the thinkerThroughout most of philosophy’s history, wine has been treated as an insignificant diversion, incapable of being beautiful and incapable of producing genuine aesthetic pleasure. The reason for this dismissive attitude is that we experience wine through taste and smell, and these were considered to be “lower senses” incapable of generating the complex cognitive content that the higher senses of hearing and vision enable. The assumption is that only objects that generate complex thoughts or stimulate the imagination can be beautiful. Even the best wine offers only sensuous pleasure.

Wine, it was argued, tells us nothing about the human condition as literature or painting does; neither does it allow us to explore our emotional responses like music does.

But these arguments won’t fly. Many great musical works tell no story and generate no train of thought. Some musical works generate emotion in listeners but many musical works, from Bach to cool jazz to modern ambient music can be enjoyed without much emotional response. Some architecture, textile art, and many abstract paintings and sculptures do not represent something or generate understanding. They may or may not stimulate the imagination or the emotions.  Surely nature can be beautiful without it representing or expressing anything.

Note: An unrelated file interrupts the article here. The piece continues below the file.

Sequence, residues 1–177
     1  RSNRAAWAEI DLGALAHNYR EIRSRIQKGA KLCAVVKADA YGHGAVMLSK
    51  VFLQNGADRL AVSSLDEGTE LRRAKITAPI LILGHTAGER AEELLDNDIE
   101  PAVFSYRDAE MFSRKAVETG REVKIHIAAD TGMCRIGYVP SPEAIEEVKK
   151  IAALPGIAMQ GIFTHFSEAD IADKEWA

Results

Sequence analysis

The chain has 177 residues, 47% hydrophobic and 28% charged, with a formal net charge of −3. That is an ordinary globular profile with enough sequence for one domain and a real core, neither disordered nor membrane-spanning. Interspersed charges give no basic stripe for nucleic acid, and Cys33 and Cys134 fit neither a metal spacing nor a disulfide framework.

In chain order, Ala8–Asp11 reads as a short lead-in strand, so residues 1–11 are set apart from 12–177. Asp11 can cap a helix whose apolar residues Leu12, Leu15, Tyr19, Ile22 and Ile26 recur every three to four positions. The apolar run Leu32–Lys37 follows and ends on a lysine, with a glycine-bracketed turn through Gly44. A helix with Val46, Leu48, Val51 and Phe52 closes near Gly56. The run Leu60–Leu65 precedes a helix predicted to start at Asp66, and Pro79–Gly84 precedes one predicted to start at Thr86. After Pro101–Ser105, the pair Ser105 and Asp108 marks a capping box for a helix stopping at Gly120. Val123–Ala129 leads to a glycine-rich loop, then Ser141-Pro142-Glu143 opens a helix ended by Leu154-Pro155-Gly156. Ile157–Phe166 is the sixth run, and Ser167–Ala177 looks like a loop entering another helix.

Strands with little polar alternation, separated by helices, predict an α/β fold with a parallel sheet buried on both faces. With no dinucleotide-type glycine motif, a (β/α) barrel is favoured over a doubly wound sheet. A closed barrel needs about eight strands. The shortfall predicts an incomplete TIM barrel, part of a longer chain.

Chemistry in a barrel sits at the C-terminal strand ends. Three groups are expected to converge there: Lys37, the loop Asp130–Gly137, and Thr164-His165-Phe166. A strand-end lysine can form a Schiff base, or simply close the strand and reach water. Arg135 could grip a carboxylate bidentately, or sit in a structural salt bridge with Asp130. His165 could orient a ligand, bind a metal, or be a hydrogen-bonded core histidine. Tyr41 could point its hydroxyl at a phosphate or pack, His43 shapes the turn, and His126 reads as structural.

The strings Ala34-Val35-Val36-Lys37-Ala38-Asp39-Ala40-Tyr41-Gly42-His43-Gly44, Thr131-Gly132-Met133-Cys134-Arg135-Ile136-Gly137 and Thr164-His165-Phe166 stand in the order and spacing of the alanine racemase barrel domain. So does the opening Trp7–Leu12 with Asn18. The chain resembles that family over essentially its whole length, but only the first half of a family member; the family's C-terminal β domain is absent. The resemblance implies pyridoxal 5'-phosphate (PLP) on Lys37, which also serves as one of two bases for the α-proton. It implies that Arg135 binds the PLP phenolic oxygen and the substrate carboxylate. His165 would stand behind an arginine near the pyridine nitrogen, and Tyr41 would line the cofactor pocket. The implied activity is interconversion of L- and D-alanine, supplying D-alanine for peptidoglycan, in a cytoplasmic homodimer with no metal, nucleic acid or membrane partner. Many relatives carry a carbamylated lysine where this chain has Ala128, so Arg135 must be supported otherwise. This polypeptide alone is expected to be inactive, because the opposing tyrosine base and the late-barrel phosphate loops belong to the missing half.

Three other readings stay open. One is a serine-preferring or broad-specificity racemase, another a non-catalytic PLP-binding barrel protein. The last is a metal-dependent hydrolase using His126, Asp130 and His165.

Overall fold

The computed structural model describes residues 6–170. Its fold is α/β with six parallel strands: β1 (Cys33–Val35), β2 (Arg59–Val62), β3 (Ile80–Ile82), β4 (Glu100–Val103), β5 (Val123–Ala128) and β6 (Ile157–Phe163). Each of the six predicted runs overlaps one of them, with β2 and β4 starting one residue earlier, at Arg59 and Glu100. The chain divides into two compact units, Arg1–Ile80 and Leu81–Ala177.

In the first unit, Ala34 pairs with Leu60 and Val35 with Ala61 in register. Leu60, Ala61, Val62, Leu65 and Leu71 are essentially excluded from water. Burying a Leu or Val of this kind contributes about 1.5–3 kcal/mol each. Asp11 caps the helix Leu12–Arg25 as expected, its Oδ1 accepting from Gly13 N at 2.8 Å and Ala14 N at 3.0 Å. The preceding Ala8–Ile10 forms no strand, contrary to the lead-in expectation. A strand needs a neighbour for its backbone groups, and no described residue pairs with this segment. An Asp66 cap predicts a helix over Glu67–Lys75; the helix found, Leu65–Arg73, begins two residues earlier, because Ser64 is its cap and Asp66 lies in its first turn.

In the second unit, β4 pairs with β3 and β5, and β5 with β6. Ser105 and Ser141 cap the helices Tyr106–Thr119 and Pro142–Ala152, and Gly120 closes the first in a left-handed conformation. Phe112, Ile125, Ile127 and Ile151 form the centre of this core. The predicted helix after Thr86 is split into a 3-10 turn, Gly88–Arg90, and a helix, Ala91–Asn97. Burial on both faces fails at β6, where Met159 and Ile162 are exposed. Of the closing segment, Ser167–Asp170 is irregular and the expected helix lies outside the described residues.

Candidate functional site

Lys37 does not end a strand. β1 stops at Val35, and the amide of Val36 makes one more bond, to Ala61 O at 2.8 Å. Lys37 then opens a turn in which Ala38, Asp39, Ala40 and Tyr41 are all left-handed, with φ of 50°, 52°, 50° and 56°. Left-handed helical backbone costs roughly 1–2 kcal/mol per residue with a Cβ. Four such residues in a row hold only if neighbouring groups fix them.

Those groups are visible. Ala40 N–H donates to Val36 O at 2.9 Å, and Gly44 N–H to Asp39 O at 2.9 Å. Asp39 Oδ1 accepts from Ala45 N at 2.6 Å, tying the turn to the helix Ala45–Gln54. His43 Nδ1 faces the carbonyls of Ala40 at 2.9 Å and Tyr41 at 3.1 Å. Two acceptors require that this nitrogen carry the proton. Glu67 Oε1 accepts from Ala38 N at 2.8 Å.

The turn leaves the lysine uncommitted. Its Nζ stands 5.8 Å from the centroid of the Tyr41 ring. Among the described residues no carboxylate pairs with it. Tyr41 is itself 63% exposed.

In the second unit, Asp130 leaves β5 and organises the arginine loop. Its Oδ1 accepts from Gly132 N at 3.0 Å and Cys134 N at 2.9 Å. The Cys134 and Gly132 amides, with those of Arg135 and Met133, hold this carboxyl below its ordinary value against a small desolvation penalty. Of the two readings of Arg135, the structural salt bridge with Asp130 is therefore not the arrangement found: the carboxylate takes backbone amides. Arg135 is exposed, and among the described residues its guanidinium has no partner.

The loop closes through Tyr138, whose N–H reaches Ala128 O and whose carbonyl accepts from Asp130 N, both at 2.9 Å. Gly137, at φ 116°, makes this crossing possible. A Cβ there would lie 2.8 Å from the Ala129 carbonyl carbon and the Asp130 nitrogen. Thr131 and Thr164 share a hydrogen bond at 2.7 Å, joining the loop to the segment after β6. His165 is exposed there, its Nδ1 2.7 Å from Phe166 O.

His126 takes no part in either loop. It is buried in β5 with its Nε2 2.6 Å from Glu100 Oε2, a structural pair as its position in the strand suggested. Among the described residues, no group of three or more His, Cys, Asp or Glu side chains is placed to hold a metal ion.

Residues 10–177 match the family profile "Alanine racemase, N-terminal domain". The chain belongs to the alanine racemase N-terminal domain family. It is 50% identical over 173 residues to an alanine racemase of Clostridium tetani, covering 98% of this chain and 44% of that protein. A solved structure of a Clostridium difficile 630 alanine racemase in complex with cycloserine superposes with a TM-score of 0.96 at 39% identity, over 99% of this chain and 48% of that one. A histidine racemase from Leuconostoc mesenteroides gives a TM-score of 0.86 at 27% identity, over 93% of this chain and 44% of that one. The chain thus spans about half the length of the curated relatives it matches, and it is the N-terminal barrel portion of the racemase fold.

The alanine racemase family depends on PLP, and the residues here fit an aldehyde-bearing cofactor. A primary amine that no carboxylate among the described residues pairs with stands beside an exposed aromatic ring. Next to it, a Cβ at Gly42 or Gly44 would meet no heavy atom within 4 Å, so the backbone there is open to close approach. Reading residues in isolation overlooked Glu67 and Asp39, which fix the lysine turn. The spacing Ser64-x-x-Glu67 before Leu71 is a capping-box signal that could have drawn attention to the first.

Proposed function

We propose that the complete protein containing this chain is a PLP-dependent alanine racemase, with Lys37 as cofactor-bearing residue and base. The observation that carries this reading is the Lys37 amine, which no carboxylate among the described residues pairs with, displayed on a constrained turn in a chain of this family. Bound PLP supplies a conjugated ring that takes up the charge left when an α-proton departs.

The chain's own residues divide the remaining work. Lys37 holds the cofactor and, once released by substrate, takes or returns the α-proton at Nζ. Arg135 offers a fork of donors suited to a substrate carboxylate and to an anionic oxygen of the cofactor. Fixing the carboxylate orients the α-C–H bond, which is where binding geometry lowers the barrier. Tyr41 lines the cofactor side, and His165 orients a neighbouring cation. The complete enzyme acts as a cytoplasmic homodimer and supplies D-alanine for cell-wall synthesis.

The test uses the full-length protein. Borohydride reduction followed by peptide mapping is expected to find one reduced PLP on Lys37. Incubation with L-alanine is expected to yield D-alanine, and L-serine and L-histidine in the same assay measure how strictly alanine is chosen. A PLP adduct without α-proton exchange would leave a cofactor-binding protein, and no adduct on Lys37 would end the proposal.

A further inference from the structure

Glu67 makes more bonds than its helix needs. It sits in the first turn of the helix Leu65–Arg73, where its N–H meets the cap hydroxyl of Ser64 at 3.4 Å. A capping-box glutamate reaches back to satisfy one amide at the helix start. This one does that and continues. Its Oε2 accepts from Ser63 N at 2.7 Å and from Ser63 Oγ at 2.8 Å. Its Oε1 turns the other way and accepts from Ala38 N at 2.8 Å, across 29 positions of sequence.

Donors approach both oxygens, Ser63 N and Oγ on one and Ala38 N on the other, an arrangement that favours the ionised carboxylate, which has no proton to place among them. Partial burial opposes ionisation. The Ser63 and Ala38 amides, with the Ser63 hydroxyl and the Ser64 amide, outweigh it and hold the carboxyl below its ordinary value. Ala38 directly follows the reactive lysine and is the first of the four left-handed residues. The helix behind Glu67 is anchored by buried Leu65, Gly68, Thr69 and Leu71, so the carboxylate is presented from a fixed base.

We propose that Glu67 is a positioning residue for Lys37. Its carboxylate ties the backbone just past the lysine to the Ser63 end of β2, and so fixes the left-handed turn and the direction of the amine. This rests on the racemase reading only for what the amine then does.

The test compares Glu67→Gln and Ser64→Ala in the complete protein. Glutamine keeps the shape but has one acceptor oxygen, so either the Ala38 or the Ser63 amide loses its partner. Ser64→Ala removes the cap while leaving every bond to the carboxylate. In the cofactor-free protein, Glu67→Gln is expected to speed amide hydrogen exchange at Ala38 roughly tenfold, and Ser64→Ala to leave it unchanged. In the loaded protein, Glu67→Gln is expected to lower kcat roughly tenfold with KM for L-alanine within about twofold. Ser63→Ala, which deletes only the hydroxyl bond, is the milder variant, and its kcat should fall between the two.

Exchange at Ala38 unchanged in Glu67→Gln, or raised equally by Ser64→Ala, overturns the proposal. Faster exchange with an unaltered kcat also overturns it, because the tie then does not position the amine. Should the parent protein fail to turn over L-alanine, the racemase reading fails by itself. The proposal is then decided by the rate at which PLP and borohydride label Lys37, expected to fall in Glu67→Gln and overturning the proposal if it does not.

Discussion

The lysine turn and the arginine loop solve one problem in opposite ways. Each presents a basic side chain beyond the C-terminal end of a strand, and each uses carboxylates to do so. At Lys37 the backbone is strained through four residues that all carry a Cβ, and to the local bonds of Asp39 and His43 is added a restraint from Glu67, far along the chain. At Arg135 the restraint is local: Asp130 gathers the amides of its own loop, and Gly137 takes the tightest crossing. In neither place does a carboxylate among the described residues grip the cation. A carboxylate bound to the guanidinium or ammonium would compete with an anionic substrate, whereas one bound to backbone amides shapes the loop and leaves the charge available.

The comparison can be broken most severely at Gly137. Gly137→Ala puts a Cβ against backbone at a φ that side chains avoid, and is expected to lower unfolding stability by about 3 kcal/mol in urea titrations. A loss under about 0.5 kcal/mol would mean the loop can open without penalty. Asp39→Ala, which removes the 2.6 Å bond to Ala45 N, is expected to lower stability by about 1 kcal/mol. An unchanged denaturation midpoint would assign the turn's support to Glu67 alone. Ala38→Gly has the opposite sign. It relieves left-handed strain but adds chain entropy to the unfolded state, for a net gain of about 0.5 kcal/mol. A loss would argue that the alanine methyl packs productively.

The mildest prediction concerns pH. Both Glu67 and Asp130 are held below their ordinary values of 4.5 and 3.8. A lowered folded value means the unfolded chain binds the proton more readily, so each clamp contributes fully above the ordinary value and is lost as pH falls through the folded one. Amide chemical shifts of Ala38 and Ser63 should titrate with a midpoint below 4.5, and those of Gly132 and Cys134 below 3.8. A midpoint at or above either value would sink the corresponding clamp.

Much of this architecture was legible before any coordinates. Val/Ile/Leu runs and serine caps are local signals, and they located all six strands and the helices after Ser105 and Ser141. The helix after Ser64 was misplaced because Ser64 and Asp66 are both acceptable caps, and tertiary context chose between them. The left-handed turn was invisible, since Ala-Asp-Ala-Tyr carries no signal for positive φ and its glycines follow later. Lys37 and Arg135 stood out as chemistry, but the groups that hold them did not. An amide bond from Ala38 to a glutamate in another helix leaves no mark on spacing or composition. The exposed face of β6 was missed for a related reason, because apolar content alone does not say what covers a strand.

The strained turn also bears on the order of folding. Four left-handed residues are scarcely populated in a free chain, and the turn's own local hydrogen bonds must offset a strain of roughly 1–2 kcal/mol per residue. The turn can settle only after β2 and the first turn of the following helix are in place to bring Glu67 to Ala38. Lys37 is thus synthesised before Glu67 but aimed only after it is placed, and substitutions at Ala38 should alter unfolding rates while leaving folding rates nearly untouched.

Thus, the capacity to produce understanding or emotion cannot be a necessary condition for what counts as beauty since that would rule out many obviously beautiful works of art as well as natural objects. But if we are willing to grant that understanding and emotional response are not necessary for an object to be beautiful, then wine must qualify.

Of course, it is simply not true that wine is a purely sensuous medium without cognitive engagement. Memory is crucial to the appreciation of wine and so is knowledge of wine production and wine regions. And imagination is in part what enables us to see a wine as whole. We recognize properties such as “tension”, “elegant”, or brooding, only via the imagination. Wine engages the whole person including one’s mind.

Philosophy has been wrong about wine for 2500 years.